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LifestyleFood and Drink
Abalone porridgeThis week’s recipe: Jeonbokjuk
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승인 2010.12.16  15:56:33
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▲ A bowl of abalone porridge hits the spot on a cold winter day. Photo by Bethany Carlson


3 fresh abalone (300g)
1 cup white rice
1 tablespoon (15ml) sesame oil
5 cups of water
1 teaspoon (5 ml) of salt

When you purchase abalone make sure they are still alive in their shell, stored on ice or still in the water. When shopping for abalone, I discovered that the freshest ones can be found at the local market, however make sure the abalone do not have a fishy smell, as this is a sure sign that it is not fresh. As soon as you purchase the abalone, refrigerate them in the coldest part of the refrigerator in a bowl and cover with a wet cloth. Use within 24 hours.

1. Wash rice and then soak for 2 hours Drain completely.

2. Wash fresh abalone under cold water, take out of shell. Then thinly slice length-wise and chop into small pieces. This dish can be prepared with or without the internal organs. Jeju natives prepare jeonbokjuk with the internal organs as, not only does it add more flavor, but contributes to the many health benefits to the dish (see below). If using the organs, chop into small pieces.

3. In a large pot, stir fry abalone in oil until slightly grilled on both sides. Note: Do not grill for more than 30 seconds on each side or the abalone will turn tough.

4. Add drained rice to the pot and continue to stir fry until rice is transparent. About 5 minutes.

5. Add water and over medium heat boil the mixture until rice is soft and water is absorbed. This takes about 35-40minutes. Stir frequently as this will prevent the ingredients from sticking to the bottom. The heat can be turned down low so long as it continues to boil. Simmer until the porridge is tender and has a creamy texture.

6. Add salt to taste.

Serves 4
This dish is very simple to make. There is little preparation time except for the soaking of the rice and the short amount of time it takes to shuck the abalone out of the shell.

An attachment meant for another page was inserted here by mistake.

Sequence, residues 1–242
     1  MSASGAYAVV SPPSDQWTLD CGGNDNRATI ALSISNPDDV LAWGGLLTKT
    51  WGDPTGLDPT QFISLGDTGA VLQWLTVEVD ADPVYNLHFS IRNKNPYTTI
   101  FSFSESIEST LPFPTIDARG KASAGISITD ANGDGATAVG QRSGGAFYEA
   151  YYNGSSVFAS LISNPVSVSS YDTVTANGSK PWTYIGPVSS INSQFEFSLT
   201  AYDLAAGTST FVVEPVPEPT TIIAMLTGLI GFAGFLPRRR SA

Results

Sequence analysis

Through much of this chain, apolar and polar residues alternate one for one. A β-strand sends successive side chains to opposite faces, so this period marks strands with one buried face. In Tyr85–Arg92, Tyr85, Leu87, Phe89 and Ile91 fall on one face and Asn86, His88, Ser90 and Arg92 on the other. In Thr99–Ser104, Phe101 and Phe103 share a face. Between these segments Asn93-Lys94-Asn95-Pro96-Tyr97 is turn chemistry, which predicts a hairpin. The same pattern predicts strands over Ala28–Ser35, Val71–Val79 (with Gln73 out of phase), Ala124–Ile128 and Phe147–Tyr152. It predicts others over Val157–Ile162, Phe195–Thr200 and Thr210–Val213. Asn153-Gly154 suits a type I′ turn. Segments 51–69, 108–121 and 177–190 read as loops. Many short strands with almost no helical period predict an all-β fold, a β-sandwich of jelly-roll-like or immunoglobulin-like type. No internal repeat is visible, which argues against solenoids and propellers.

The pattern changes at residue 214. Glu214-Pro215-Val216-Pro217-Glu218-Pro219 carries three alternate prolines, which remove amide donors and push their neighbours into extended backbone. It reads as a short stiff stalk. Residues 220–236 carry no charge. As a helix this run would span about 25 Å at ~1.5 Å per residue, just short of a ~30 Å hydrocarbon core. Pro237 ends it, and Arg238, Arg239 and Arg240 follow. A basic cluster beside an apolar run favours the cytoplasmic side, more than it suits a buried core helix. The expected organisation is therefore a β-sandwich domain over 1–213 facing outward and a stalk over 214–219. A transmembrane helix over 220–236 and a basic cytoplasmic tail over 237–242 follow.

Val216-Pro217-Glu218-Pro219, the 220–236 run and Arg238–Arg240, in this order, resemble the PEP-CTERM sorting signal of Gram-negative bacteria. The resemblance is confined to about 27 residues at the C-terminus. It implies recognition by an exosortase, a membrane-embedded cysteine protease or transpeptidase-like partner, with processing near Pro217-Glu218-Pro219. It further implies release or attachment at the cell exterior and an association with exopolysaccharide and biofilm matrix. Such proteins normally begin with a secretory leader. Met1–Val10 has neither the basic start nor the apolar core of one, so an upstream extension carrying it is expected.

Nutritional Information

Six species of abalone exist along the Korean coasts (1), with five of the six species found along Jeju (2). Abalone is considered a delicacy in Korea and used to be presented to the king as a gift. However abalone porridge (jeonbokjuk) is also given to the sick and elderly as it provides many nutritional properties.

Jeonbokjuk is known to be easily digested and absorbed and can be used as a digestive aid (3). Research has shown that the organs of the abalone contribute many health benefits including stimulating the immune system and contributing to anti-tumor properties (4). Abalone also contains very good sources of protein, vitamin K, pantothenic acid (vitamin B5) and selenium.

Selenium is believed to play a crucial role in controlling the oxidation/reduction in the physiological processes (5). Abalone is also a good source of iron, phosphorus, vitamin B12, vitamin E (Alpha Tocopherol), thiamin, and magnesium. When abalone is cooked, it produces omega-3 fatty acid, which is essential to the human diet and is shown to have many health benefits.

Although abalone porridge has many health benefits, it should be eaten in moderation because it is naturally high in sodium, as it comes from the sea, and it is high in cholesterol.


2. Hye-Suck An, Young-Ju Jee, Kwang-Sik Min, Bong-Lae Kim, Seok-jung Han. Phylogenetic Analysis of Six Species of Pacific Abalone (Haliotidae) Based on DNA Sequences of 16s rRNA and Cytochrome c Oxidase Subunit I Mitochondrial Genes Received: 14 June 2004 / Accepted: 5 November 2004 / Online publication: 4 June 2005

3. "Jeonbokjuk (Rice porridge with abalone)" (in English). The Jeju-do government's official website / EncyKorea. Retrieved 2008-05-31.

4. Purification and bioactivity of a sulphated polysaccharide conjugate from viscera of abalone Haliotis discus hannai Ino Sun, L. Zhu, B. Li, D. Wang, L. Dong, X. Murata, Y. Xing, R. Dong, Y. 2010-01-01

5. Molecular cloning, characterization and mRNA expression of selenium-binding protein in abalone (Haliotis discus hannai Ino): Response to dietary selenium, iron and zinc Wu, C. L. Zhang, W. B. Mai, K. S. Liang, X. F. Xu, W. Wang, J. Ma, H. M. 2010-01-01

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